Trump's 10th visit to Ohio, part of a 2020 Plan
President Donald Trump returns to the state that predicted his victory in 2016 and acts as the hub of his re-election.
Trump's visit to Ohio on Wednesday marks his first trip to the state since last year's mid-term election campaign, when the state was a rare bright spot for the Republicans in the upper Midwest. But with Trump's path to another four years in the White House, relying on a victory in the state, his burgeoning campaign takes into account warning signs that Ohio by 2020 can hardly be taken for granted.
Perhaps no state has better illustrated the re-aligning effects of Trump's candidacy and presidency than those of Ohio, where traditionally-leaning workers' voters have waved heavily at the GOP and moderate republicans in densely populated suburban provinces have been pushed away from Trump. It is for that reason, government officials said, that Trump continues to return to Ohio - this week's visit marks his tenth visit to the state since he took office.
The visit is part of a 2020 Trump strategy to appear in battlefield states as much as possible in its official White House capacity this year, said a person with knowledge of plans not authorized to speak publicly. Trump is expected to make similar journeys throughout the year, while trying to generate enthusiasm on an energetic democratic basis. It is a strategy used by previous presidents, both to use office prestige for political purposes and to offset the steep costs of traveling with presidential campaigns with corresponding taxpayer-funded events.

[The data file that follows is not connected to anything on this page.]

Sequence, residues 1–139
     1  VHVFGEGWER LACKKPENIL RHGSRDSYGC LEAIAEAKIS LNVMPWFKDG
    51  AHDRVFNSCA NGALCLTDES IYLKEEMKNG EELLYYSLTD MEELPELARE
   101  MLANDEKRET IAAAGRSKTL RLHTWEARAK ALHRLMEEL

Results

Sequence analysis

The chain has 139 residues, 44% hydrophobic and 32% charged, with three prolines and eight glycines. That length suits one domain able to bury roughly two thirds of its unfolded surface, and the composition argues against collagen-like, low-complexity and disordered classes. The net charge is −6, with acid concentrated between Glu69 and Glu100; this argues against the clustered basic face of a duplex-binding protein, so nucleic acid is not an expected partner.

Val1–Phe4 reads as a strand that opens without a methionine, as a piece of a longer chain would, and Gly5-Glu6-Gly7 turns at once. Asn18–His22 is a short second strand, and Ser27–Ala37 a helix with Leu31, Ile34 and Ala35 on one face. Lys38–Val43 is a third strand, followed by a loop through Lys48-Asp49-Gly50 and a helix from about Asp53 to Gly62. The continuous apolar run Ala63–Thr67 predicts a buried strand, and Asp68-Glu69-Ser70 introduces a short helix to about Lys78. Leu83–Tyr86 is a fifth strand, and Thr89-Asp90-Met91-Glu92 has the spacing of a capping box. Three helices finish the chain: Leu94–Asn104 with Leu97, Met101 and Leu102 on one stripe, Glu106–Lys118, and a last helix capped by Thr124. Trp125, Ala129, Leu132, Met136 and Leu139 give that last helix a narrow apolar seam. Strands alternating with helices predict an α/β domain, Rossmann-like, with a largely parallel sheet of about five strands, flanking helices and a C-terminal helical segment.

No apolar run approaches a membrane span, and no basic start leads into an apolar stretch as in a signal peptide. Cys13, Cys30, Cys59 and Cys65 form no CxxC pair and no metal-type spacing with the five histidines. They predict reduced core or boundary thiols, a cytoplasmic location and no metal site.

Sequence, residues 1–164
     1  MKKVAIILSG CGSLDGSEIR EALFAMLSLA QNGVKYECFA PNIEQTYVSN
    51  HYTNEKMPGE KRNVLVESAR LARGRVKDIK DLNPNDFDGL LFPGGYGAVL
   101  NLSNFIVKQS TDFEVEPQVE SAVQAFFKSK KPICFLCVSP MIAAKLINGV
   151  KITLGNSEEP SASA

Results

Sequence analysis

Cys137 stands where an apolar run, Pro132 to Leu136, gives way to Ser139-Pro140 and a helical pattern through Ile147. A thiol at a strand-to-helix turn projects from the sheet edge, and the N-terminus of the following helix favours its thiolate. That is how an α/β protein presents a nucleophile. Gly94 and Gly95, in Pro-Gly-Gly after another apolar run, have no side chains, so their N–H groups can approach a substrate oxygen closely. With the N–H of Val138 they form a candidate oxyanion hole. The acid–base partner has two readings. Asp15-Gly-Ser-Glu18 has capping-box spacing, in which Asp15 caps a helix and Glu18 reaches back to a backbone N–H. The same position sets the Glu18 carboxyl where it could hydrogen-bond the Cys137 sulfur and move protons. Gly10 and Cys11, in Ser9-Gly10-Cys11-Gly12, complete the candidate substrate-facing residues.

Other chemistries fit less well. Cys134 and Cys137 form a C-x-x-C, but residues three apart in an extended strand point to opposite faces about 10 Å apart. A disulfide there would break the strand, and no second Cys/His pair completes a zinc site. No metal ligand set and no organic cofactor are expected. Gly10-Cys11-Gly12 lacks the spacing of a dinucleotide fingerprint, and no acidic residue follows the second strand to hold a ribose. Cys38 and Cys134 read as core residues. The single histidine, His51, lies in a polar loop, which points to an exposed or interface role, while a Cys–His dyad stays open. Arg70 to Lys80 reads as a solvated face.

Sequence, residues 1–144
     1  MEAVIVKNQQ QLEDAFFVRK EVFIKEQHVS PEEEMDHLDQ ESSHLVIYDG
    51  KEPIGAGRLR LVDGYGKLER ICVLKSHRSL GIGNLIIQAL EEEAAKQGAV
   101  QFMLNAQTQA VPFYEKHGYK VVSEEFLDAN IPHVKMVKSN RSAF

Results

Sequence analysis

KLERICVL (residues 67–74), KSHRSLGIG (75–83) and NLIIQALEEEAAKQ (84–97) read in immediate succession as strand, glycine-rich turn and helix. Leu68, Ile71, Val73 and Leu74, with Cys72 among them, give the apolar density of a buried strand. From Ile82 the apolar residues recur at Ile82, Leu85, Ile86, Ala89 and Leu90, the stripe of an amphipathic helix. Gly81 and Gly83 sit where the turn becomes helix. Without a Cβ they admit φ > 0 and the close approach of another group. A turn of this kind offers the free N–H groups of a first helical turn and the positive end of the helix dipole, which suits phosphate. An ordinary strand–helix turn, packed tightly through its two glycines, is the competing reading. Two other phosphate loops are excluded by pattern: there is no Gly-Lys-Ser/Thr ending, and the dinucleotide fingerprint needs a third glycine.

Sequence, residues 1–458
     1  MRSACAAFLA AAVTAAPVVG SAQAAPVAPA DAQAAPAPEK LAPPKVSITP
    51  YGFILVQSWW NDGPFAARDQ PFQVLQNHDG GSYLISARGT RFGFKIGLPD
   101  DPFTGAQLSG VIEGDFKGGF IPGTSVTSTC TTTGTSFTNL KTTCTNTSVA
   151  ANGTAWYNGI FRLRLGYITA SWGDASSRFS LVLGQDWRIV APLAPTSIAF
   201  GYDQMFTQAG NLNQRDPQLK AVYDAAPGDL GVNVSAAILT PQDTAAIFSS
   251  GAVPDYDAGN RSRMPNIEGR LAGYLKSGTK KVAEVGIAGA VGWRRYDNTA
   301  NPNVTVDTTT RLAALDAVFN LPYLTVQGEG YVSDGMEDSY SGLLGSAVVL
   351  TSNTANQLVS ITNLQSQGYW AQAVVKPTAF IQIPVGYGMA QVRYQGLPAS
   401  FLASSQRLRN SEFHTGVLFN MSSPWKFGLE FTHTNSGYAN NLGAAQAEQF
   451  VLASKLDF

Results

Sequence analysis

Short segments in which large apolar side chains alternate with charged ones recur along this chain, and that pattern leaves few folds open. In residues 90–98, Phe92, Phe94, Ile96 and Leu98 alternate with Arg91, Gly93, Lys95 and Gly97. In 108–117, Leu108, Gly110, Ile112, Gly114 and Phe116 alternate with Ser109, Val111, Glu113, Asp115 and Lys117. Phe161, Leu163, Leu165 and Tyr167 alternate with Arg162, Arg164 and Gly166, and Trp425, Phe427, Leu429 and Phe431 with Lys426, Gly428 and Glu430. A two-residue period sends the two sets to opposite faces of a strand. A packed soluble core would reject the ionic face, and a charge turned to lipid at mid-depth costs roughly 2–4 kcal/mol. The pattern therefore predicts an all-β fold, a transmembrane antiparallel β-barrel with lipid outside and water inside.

Trump plans to visit the Lima Army's tank plant, which was at risk of being closed, but is now benefiting from his government investment in defense spending. He will also be a fundraiser for his re-election campaign in Canton. Board officials said the reactivation of the tank factory, which has benefited from that part of the state, offers a compelling story for Trump.
For both sides, the results of the interim periods of 2018 are a kind of moment "choose your own adventure" for the forecasters of 2020. The Republicans claim that the election of the governor of the Republican Party of the state, Mike DeWine, is to a large extent Trump's path of 2016 to victory and the strength of his coalition. They think Trump's jackets are long in the state because Republican congressional candidates in suburban provinces like Rep. Steve Chabot and Troy Balderson won re-election last year, not just because of the president's frequent visits to the state.
"He's a fighter," said Jane Timken, president of the Ohio Republican Party, "and that's one of the reasons why if you look at the Mahoning Valley, that becomes a republican part of the state."
The Democrats, in turn, emphasize the re-election of Senator Sherrod Brown, who believes that his victory over a populist call is a signal for his 2020 ticket from the Democratic Party of the United States Democratic Party. "With the right candidates, with the right message, 2020 is a lot like the victory of Sherrod Brown."
Nationwide, Democrats have placed less emphasis on the traditional battle state. Ohio was notably absent from the list of major states in 2020 (Wisconsin, Michigan, Pennsylvania and Florida) that received part of a $ 100 million investment from Super PAC Priorities USA. The state is not even on the "phase two" list of the PAC, including Nevada, Arizona, Georgia, North Carolina and New Hampshire.
The Republican National Committee, which laid the groundwork for the Trump campaign field program, has been continuously present in Ohio since 2012. The former RNC president, Bob Paduchik, who carried out the Trumps action in the state in 2016, repeat your paper.
CTM News | 20th March 2019